We are delighted to announce, today on Valentine's Day, that we have found new friends…
As the coronavirus has been upending all of the educational institutions in Finland, high schools were no exception. While teachers have been exploring innovative ways to keep their students engaged, Aalto University Junior’s School of Business team decided to co-organize an online business camp over the last weekend for high school students.
Recently joined under the Aalto University Junior umbrella, Aalto University Junior’s School of Business arm aims to support younger generations’ lifelong learning journey by creating awareness in business studies, providing learning opportunities, and fostering two-way dialogue between young people and the School of Business. “We started our activities at the beginning of this year with on-campus workshops. But these exceptional times quickly forced us to develop digital collaborations with teachers” said Semih Ersöz, Aalto University Junior BIZ Coordinator and a School of Business graduate of the Entrepreneurship and Innovation Management program.
In collaboration with Etu-Töölö High School, Vihti High School, and Junior Achievement Finland, the 24-hour online camp aimed to inspire more than 80 high school students to build their business ideas. “The purpose is to show young students that they have great ideas and learning in groups is fun. This is meant to be just the taste of entrepreneurship for 24 hours,” said Jenni Korte, entrepreneurship teacher at Etu-Töölö high school, an old-time neighbor of our Töölö campus. “The students learn sales and teamwork skills, problem-solving and performance skills. Interactive group learning applied at the camp is the key to a successful camp experience,” adds Eeva Korhonen from Junior Achievement Finland (JA Finland-Nuori Yrittäjyys).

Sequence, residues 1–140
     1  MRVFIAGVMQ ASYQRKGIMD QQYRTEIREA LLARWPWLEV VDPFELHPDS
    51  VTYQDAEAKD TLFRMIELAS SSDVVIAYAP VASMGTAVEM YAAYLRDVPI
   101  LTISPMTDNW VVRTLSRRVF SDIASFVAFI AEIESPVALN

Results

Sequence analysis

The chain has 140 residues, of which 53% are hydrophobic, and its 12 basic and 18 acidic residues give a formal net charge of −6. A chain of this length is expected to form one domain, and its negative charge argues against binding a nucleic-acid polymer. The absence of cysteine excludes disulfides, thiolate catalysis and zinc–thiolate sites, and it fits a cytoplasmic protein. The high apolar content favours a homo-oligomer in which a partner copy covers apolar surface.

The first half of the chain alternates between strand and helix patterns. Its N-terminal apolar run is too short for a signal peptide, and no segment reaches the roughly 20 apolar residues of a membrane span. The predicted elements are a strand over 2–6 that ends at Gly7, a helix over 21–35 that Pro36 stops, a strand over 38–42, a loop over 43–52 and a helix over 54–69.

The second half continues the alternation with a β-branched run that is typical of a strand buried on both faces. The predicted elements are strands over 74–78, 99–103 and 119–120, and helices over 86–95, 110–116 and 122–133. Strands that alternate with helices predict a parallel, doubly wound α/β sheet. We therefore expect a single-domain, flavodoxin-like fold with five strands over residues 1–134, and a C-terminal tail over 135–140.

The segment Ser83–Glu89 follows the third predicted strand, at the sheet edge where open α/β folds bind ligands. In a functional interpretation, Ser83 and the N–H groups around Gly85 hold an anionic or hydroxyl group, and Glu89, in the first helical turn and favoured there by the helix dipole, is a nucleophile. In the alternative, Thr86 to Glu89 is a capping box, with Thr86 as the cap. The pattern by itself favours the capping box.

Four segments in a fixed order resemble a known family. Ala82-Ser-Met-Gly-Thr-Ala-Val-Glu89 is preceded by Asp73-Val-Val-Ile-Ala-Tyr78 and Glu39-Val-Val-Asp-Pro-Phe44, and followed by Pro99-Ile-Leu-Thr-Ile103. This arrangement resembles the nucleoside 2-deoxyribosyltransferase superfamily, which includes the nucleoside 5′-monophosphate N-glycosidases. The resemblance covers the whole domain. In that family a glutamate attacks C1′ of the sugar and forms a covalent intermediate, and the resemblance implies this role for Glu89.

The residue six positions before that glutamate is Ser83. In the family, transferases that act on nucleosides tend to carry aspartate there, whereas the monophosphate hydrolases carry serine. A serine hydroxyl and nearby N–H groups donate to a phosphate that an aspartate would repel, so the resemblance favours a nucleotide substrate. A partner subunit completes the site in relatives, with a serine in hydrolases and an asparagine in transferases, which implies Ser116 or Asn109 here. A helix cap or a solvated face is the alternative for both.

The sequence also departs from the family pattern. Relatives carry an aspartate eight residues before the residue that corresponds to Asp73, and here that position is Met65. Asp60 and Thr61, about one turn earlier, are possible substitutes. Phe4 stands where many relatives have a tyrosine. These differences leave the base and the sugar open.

First time going fully online
Similar camps have been organized during the previous years by many high schools individually. Considering this year’s exceptional circumstances, it was a challenge to keep the students engaged and active in an online environment. “As things are, we were already quite ready to give up on the idea this year,” said Timo Kinnunen, teaching entrepreneurship at Vihti High School “but then Jenni Korte from Etu-Töölö contacted us about the possibility of organizing the camp remotely with the collaboration on Aalto Junior.”
Although the current situation brought many challenges, online collaboration with multiple teachers, and JA Finland – Nuori Yrittäjyys unlocked more opportunities to organize an event on such scale. “Having this online was a huge challenge,” said Jenni Korte “but with a great team it worked out well and we were able to get many guests and people to join. We couldn’t have done it otherwise”. Oskari Ropponen is a teacher from Vihti High School who co-organized the camp said “Compared to a normal camp, the online camp offered an opportunity for broader cooperation between schools. Working online is also an important skill in tomorrow’s world.”
Building the businesses of the future with surprise guests on the way
The camp started with a fun exercise for everyone to get to know each other and to warm up to the online platform. Later on, participants were divided into 10 teams with more experienced high school students assigned as tutors. Throughout the 24-hour camp, the teams went through various checkpoints which guided them to move their business ideas forward. While some of the checkpoints were instructed by teachers, others were co-designed and instructed by Aalto University students from different backgrounds. There were also several surprises with guest speakers. At the end of the first day, Jethro Rostedt, a TV-celebrity and a famous real estate agent, joined for a quick motivation talk as a surprise guest. Following Jethro, Julian Gröndahl, who is a BSc student in the economics major, joined as a US-based venture capitalist to negotiate an investment deal with each of the teams in English.
During the second day, Dr. Jukka-Pekka Heikkilä from the Aalto University School of Business gave an engaging keynote speech to inspire students about entrepreneurship in extreme contexts. “I would say my favorite part was the guests and special things. Overall it was a great experience. It was the first camp to be hosted online, and I think it worked great,” said one of the high school students on the feedback form.